Sunday 27 September 2020

Some seawatching

 The latter part of the week was dominated by very strong northerly winds - and that  means seawatching.

The wind really picked up on Thursday and into Friday morning but with my diary being full, I only had a brief window on Friday morning, I was in position for 07.25, hunkered down in the dunes as the wind was very strong, it was really busy with Auks, Gannets and Kittiwakes streaming north, a lot of them very close in, too close for some which would be under my scope. Just as I got settled I got onto a group of kittis very close-in and among them was something different - a juvenile Sabine's Gull. If I'd been settled in and concentrating on a single spot it would have been under my scope and I'd of missed it. 

I've never seen a Sabine's gull this close at Druridge before (I have at Church Point when I used to go there) and it was great to see it amongst adult and juvenile kittis for contrast. My first Sabine's since 2014 and my fourth for the patch - all September records in 2007, 2009 and 14. What a great bird!

It remained really busy, with hundreds of birds coming through but I only had an hour or so. Other highlights of my hour were:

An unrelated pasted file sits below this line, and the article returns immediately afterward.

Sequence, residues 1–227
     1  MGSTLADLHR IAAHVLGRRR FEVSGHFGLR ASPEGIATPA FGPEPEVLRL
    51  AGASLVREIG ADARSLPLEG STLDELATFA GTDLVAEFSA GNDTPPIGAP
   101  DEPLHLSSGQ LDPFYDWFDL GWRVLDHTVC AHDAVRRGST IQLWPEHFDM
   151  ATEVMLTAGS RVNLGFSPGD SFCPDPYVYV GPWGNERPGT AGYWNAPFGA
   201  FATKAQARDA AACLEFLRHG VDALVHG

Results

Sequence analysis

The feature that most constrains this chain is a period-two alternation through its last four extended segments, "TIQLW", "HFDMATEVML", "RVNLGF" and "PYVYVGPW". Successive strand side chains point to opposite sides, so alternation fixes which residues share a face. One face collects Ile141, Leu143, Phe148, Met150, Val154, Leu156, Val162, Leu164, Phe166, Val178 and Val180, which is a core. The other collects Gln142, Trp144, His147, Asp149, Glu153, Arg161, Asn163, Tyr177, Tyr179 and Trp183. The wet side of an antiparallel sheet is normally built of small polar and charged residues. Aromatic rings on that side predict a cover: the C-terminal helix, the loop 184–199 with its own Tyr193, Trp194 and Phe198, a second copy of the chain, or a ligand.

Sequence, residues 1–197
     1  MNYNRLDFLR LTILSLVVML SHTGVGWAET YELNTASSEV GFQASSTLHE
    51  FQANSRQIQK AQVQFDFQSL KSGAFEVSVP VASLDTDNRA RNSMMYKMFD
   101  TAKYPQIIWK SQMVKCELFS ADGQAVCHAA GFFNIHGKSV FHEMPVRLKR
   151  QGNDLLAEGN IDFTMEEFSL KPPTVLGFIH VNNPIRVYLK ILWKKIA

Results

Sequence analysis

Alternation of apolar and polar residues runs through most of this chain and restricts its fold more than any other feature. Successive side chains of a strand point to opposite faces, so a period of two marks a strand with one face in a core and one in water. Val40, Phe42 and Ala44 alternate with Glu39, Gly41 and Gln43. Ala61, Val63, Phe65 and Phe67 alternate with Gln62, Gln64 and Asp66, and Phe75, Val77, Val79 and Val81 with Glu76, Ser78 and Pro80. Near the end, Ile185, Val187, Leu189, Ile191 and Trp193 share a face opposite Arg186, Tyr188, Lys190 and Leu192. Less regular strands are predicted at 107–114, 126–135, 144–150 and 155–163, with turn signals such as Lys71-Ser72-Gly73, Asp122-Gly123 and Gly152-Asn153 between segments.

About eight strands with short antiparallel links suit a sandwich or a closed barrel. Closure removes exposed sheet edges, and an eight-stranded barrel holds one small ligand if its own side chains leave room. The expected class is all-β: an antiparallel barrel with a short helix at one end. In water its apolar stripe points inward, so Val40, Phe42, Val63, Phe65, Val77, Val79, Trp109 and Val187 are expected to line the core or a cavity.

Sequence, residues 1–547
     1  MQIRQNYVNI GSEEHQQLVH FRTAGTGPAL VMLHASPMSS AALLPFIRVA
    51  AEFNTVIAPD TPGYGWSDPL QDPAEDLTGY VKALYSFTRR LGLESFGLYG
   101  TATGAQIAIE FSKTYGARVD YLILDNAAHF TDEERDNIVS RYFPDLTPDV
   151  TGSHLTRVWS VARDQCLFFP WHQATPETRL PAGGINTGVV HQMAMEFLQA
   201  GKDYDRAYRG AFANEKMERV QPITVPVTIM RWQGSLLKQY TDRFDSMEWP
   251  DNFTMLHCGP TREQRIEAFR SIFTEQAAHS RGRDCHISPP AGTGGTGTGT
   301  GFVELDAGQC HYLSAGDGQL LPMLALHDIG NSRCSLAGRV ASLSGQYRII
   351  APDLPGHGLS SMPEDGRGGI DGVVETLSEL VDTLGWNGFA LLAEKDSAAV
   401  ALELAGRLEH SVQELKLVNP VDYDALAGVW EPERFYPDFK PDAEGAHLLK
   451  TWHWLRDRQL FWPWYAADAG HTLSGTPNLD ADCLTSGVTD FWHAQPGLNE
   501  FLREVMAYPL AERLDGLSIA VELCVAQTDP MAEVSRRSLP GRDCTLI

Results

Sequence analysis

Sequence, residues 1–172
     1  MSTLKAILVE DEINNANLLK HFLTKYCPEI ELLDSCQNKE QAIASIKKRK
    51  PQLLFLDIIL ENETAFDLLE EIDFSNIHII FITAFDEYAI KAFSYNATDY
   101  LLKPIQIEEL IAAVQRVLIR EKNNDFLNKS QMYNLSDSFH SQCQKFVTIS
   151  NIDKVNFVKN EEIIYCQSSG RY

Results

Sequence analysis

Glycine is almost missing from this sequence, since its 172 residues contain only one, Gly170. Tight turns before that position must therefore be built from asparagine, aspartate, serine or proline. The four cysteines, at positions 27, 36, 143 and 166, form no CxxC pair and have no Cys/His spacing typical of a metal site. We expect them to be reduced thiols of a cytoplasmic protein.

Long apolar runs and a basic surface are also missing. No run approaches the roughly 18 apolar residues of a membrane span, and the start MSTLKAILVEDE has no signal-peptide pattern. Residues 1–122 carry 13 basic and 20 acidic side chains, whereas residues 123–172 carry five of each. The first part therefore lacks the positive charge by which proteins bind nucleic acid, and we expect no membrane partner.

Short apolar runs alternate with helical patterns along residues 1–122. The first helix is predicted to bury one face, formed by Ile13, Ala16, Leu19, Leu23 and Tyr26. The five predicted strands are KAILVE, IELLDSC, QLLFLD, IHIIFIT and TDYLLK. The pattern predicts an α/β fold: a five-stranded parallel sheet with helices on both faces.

Arctic Skua 1

Sooty Shearwater 9

Manx Shearwater 7

Red-throated Diver 1

and two Slavonian Grebes being tossed about on the sea.

Full list here

I had planned a sea watch on Saturday but the wind had strengthened and it was raining and reports from nearby spots weren't tempting me out - I think it was just too windy.

Janet and I had walk around the patch on Saturday evening seeing very little in the still-stormy northerly. 18 Pale-bellied Brents struggled north along the beach, just above the waves and 28 Barnacles went over, high. 

By this morning, the wind had really dropped. We'd opened some hooch that we brought back from Taiwan on Saturday night so I didn't get up early and only made it to the patch at 11am for another seawatch. It seemed quiet, nothing like Friday with few Auks, not Kittis and the Gannets well out. I gave it an hour :-

Sooty Shearwater 2

Manx Shearwater 4

Great Northern Diver 1

Bonxie 1

Barnacle Goose 19 (5N 14S)

Wigeon 27

Bar-tailed Godwit 2

Full list here

I also had ten Swallows, mostly going north! I headed for the bushes. It seemed quite quiet with nothing really calling - a single Chiffchaff was my highlight until I found a tit flock.


Here it is calling

It's always worth checking roaming tit flocks as migrant birds often join them like the Yellow-browed Warbler I found with them, a dullish looking bird, then a brighter individual which moved off north, I turned around and saw it or another bright bird - I think there was three but I'll only record two as the second bird could've done a U turn.

From the path by the midget screen, I counted 21 Swallows feeding above the bushes and 17 Barnacle Geese went south. Some waders have returned to the Budge fields at last, six Dunlin and three Redshank - it's a start.

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